# How to find the derivative of improper integral with variable upper limit?

I have the integral from $-\infty$ to $y^2$ of the function $(e^{-|x|})$ and I need to find the derivative of this. That is,

$$\frac{d}{dy} \int_{-\infty}^{y^2} e^{-|x|}\,dx$$

Usually derivative of integral is just the function, but I'm not sure in this case. Should I set up limits or how else should I approach this?

I thought that the derivative of an integral from $-\infty$ to $y^2$ of $(e^{-|x|}dx)$ would be $e^{-|x|}$

• You can define $f(t) = \int_{-\infty}^{t} e^{-|x|}dx$. Then the function you are interested in is $g(y) = f(y^2)$. So you differentiate with the chain rule. Sep 14, 2014 at 18:37
• also note that b/c of the absolute value you need to split the integral. Sep 14, 2014 at 18:39
• @VarunIyer : You could split the integral if you first wanted to solve for the exact integral. But this problem does not require you to do any integration. Sep 14, 2014 at 18:41
• If he would like to know how to solve the integral, its another solution :). Sep 14, 2014 at 18:42
• so lim as a->-infinity of integral from a to 0 e^-|y^2| + integral from 0 to t e^-|y^2| ?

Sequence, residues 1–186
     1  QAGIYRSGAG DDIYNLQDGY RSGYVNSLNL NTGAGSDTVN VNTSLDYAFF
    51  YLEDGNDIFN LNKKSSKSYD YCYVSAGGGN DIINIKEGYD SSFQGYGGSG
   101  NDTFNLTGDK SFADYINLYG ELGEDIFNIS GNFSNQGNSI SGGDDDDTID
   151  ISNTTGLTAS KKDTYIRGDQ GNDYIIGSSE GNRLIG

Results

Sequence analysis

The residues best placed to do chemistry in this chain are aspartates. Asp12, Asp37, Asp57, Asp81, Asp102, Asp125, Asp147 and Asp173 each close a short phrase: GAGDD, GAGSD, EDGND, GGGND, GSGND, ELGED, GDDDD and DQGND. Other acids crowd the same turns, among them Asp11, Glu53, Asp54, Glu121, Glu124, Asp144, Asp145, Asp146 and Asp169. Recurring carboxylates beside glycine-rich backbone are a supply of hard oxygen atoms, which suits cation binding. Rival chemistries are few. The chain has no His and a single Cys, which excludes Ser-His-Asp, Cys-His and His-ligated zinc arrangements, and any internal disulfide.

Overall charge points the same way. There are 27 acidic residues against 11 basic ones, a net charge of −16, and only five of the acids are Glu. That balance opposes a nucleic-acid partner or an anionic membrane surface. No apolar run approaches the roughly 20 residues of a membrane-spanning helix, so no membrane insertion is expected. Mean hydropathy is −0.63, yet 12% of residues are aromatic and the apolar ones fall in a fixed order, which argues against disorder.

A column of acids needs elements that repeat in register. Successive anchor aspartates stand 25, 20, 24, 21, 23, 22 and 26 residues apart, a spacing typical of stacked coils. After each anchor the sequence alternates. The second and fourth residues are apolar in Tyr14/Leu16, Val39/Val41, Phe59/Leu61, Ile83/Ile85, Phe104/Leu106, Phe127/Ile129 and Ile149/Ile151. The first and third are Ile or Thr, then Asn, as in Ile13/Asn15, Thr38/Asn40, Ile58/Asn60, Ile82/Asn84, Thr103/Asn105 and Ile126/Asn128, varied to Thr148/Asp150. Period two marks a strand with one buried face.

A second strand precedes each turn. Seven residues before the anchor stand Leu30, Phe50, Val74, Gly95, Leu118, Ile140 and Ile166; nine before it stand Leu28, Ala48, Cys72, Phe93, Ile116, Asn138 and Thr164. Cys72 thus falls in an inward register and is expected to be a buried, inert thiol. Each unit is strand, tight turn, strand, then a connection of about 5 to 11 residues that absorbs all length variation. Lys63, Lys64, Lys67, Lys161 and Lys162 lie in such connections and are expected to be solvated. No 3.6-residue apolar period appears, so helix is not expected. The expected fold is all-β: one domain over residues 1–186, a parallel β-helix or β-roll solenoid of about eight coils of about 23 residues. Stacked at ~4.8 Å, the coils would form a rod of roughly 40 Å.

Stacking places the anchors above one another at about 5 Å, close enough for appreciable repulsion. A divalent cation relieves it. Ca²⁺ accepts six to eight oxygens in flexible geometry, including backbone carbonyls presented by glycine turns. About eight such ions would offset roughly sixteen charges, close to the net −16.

– user176017
Sep 14, 2014 at 18:42

Let $$F(u)=\int_{-\infty}^u e^{-|x|}\,dx.$$ We want $\frac{d}{dy}(F(y^2))$. Let $u=y^2$. By the Chain Rule, we have $$\frac{d}{dy}(F(y^2))=2y\frac{d}{du} F(u).$$

By the Fundamental Theorem of Calculus, we have $\frac{d}{du}F(u)=e^{-|u|}$.

Remark: If the $-\infty$ part makes you uncomfortable, note that $F(y^2)=\int_{-\infty}^0 e^{-|x|}\,dx+\int_0^{y^2} e^{-|x|}\,dx$, and the first integral is just a constant.

This is another possible solution

Much more lengthier, but if you would like to know how to derive:

So the integral is:

$$\int_{-\infty}^{y^2} e^{-|x|} dx = \int_{-\infty}^{0} e^{x} dx + \int_{0}^{y^2} e^{-x} dx$$

In this case, it would be easier to find the integral then perform the derivative:

So for the first we have that:

$$\int_{-\infty}^{0} e^{x} dx = \lim_{b\to-\infty}\int_{b}^{0} e^{x} dx \lim_{b\to-\infty}\left[e^x\right]_{b}^{0} = \lim_{b\to-\infty} 1 - e^b = 1- 0 = 1$$

For the second one:

$$\int_{0}^{y^2} e^{-x} dx = \left[-e^{-x}\right]_{0}^{y^2} = -e^{-y^2} - (-e^{0}) = -e^{-y^2} + 1$$

$$-e^{-y^2} + 1 + 1 = -e^{-y^2} + 2$$
$$\left(-e^{-y^2}\right)' = 2y*e^{-y^2}$$